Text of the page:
Leases are usually granted from anything between 3, 5, 10 or 20 years and invariably at some point they will expire. Renewing a commercial lease does not have to be a troublesome process for tenants or landlords, provided early advice is taken from an accredited Chartered Surveyor.
Inside or Outside the Landlord & Tenant Act
Agreeing terms for a new commercial lease will include whether the lease should be inside or outside The Landlord & Tenant Act 1954 (also known as contracted in or contracted out), which gives business tenants automatic renewal rights when a lease expires. If you are a prospective business tenant or landlord negotiating terms for a new lease, it is vital to understand the implications of agreeing whether the lease will be inside or outside the Act as it will have a direct impact on the options available to you when the lease expires.
If the lease is outside the Landlord and Tenant Act then the tenant does not have the right to a new lease at the end of the term, although a landlord may be prepared to grant one and, if required, the tenant must vacate by the due date if agreement has not been reached with the landlord. When renewing a commercial lease, it is vital that your lease is checked to establish whether it is inside or outside the Landlord and Tenant Act.
If the lease is inside the Landlord and Tenant Act then the tenant has the right to a new lease for up to 15 years from the expiry of the old lease at the market rent from the time the lease was taken out, which may be above or below the rent that is currently payable. In order to start the renewal process either the landlord or tenant can serve a notice on the other between 6 and 12 months prior to the end of the contractual term specifying whether they are prepared to grant a new lease (in the case of a landlord), or in the case of a tenant, whether they desire a new lease and the preferred terms of this.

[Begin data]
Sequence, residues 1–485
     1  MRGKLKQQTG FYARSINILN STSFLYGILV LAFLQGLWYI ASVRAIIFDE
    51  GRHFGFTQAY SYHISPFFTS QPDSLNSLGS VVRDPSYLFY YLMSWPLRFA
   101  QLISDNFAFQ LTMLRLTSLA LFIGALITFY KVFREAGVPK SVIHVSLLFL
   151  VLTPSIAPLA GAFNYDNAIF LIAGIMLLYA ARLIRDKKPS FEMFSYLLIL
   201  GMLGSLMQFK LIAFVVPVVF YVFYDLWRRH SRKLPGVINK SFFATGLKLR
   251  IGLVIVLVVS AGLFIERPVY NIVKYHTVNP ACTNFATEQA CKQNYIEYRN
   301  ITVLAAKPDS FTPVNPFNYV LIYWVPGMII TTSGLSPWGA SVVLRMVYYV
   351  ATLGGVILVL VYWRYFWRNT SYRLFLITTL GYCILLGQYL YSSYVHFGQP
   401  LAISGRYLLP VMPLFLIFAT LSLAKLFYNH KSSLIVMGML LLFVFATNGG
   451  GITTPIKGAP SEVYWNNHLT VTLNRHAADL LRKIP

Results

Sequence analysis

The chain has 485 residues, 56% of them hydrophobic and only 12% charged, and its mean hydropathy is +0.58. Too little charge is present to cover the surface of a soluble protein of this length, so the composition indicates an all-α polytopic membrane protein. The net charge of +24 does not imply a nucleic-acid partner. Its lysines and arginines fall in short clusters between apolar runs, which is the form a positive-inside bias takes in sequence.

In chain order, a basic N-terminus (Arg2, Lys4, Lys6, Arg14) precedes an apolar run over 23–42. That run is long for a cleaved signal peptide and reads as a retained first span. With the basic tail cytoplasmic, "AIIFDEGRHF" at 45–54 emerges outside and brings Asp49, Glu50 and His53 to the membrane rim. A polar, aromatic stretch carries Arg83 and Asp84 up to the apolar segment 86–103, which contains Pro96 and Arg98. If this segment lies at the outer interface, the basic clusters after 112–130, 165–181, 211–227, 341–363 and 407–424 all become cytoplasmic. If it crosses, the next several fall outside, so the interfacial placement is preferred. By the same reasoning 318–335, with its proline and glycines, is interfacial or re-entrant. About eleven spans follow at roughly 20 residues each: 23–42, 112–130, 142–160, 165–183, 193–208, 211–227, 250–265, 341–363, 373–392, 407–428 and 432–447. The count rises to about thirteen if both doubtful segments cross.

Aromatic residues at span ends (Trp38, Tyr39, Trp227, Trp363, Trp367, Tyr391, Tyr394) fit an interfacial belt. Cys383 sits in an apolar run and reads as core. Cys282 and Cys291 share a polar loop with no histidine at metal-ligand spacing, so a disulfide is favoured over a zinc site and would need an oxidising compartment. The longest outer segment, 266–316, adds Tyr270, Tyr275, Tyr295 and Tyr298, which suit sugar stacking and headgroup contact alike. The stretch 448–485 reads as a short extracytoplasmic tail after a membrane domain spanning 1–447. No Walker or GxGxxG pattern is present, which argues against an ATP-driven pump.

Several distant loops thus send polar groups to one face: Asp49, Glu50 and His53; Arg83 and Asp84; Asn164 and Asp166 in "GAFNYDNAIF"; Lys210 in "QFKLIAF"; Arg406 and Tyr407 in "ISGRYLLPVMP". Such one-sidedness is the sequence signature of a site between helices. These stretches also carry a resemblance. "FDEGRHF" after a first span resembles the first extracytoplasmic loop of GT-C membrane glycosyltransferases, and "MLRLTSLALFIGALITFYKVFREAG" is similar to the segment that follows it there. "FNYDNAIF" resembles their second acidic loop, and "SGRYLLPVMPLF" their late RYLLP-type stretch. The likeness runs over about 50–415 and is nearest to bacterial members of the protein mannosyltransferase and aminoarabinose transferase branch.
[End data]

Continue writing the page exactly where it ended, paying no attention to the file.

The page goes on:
If a lease is inside the Landlord and Tenant Act a landlord can only ask tenants to vacate on a number of specified grounds, such as:
- The landlord has an intention to redevelop
- The landlords requires it for their own occupation.
These are known as “non-fault grounds” in which case, compensation is payable as a multiple of the rateable value.
- In some instances, where the tenant has not complied with the terms of the lease, the landlord can refuse to grant a new lease.
Ultimately, if the landlord and tenant cannot agree the terms of a new lease, or that it is appropriate that a new one should not be granted at all, it may be determined by the Court. The Civil Procedure Rules (CPR), which came into force on 1 April 2013, are intended to avoid expensive legal disputes between landlords and tenants where a tenancy renewal is opposed or the disagreements on renewal terms. Lawyers will in the first instance try and get agreement and a settlement, or use independent arbitration before resorting to the courts. In any event, opposed and defended lease renewal disputes can be very expensive.
Landlords of commercial properties should be aware that once let, a commercial property lease agreement may not easily be reverted and so it is very important to sign tenants up to a good strong lease agreement at the onset. Fundamentally, it is highly advised, that at least 12 months before the end of a commercial lease whether it is for a shop, office or warehouse, from either perspective, for renewing a commercial lease, landlords or tenants should seek professional advice from a Chartered Surveyor.